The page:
Create Something Valuable

There are several ways to convey value to your prospective buyers.

As we just discussed, you can help them solve their problem. By providing a solution to some of the pain they’re experiencing, you give them a tremendous amount of value in exchange for their patronage.

Value can also be expressed through your content. You can educate someone, make them think, make them laugh, or pull at their heartstrings. The best content marketers are able to create a shared experience around their stories, appealing to both the head and the heart of their audience along the way.

Another way to create value is in your customer service. You can make people feel valuable by building the relationship far beyond the sale. This is often overlooked, but it’s a necessity if you hope to generate referrals from your existing customers.

Creating a high-value, gated piece of content like an e-book, webinar, or downloadable template is a perfect way to grab people’s attention, educate them, entertain them, and even help to solve their problems.

And, if your message is relevant, valuable, and entertaining, your audience will be quick to share it across their own social channels.

4 questions you need to ask yourself about your content:

  1. Is it relevant? (your message is on target for your audience)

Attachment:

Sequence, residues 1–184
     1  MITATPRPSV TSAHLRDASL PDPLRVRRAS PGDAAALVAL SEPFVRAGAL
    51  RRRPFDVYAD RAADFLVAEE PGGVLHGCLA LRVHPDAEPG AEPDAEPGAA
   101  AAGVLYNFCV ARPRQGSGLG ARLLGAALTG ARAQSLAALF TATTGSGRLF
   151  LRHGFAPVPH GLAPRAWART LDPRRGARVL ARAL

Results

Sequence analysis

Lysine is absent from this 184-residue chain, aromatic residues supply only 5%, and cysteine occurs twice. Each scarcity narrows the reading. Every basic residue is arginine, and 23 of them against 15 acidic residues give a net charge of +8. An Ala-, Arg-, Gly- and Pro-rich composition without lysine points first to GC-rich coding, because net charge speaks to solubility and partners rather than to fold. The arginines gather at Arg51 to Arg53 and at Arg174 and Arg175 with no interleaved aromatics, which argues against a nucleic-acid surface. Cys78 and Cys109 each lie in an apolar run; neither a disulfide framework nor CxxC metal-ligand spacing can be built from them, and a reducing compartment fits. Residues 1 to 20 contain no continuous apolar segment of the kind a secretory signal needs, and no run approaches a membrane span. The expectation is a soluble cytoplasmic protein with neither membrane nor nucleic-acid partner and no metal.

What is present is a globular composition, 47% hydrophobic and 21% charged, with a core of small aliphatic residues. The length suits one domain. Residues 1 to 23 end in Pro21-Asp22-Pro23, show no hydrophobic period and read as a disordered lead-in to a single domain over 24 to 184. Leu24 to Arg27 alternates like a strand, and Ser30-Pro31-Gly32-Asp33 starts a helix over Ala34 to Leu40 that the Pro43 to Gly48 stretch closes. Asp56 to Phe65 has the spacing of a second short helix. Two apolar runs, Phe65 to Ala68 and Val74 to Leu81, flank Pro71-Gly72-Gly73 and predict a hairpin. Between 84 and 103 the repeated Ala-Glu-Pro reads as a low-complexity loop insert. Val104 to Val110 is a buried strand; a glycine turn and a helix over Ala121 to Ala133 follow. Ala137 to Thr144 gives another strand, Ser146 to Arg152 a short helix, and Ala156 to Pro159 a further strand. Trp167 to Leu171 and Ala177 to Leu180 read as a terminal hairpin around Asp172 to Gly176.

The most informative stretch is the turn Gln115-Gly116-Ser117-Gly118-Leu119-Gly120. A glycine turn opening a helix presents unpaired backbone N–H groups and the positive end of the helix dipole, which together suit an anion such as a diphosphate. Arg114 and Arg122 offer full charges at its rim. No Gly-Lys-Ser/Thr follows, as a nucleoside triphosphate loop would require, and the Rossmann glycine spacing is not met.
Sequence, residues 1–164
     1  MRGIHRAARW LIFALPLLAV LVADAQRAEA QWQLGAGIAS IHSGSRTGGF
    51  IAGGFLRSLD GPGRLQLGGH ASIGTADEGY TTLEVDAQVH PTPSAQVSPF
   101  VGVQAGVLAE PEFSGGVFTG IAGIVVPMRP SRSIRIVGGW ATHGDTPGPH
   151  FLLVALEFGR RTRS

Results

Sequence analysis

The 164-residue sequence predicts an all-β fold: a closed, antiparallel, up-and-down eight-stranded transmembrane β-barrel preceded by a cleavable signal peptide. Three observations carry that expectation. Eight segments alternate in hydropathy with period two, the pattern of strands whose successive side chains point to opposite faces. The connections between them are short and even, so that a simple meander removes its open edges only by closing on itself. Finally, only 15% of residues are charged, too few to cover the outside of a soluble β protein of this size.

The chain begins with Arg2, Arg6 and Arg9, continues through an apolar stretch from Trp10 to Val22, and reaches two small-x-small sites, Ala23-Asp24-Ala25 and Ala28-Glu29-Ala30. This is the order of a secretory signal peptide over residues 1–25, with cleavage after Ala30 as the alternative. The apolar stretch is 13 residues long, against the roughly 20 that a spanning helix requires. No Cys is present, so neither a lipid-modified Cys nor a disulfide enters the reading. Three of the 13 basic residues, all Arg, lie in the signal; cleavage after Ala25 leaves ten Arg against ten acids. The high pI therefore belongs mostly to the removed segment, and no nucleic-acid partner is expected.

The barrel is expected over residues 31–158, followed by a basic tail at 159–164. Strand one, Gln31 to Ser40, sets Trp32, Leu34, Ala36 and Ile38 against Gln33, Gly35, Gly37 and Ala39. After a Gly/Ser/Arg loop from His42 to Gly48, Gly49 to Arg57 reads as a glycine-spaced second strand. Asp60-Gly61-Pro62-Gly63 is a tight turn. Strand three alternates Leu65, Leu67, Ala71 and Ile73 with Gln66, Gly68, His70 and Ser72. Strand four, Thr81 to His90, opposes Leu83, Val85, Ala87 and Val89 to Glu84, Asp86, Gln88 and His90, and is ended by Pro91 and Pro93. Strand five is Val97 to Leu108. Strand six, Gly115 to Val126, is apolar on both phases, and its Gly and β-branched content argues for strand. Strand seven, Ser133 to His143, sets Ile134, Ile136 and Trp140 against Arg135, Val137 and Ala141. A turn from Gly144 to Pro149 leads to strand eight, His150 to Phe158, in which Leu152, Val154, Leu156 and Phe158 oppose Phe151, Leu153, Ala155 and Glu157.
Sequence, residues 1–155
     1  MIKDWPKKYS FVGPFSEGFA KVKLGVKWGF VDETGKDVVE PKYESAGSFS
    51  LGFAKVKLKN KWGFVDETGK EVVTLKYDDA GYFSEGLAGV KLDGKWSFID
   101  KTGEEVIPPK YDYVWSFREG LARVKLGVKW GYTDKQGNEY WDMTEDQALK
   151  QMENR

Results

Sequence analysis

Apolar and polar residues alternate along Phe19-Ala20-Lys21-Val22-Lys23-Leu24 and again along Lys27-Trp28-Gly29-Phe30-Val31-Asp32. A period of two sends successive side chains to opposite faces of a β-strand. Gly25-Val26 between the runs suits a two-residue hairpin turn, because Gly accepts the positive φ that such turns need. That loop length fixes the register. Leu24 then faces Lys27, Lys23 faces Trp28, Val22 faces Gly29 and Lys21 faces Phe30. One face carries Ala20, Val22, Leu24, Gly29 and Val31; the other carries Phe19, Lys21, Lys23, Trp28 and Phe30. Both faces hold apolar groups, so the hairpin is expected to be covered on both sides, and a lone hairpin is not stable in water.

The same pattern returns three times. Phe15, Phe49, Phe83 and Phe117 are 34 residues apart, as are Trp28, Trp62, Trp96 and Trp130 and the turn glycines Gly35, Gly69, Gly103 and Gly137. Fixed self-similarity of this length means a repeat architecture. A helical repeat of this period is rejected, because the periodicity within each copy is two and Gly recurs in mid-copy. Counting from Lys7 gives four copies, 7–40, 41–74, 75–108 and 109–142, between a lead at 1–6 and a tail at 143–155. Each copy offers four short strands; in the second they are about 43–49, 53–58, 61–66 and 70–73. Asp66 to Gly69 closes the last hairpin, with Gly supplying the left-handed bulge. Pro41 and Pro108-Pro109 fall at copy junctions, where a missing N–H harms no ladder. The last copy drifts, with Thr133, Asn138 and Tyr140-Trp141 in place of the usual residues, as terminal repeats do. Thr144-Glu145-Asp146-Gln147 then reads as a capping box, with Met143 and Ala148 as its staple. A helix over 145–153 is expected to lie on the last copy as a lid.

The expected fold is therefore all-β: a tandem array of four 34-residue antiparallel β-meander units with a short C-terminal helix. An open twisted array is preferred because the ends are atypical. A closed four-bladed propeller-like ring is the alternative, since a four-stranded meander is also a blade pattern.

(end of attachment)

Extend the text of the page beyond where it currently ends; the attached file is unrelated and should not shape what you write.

2. Is it valuable? (this resource solves a problem)
  3. Is it different? (the offering is unique within your industry)
  4. Is it sharable?

Tell a Story Around It

Once you have a high-value offering for your prospective buyers, it’s time to find ways to promote it. This isn’t as easy or straightforward as it sounds. You might be tempted to just pay for ads across the web to lead people to your landing page, but that may not be the most effective way to promote your offering to your audience.

Here's the tricky thing about your prospective buyers: they want to learn more about you and your offerings, but they don’t want to be sold to. These days, people are less responsive to direct advertising and pushy sales. As an alternative, think about ways to break up your content and repackage it into a variety of sizes and formats.

For example:

  • Plan a webinar that relates to a problem your services solve. Let’s say it’s about “5 ways to save for your child’s college tuition.”
  • Create a landing page that describes what you’re offering with a strong call to action and a registration form.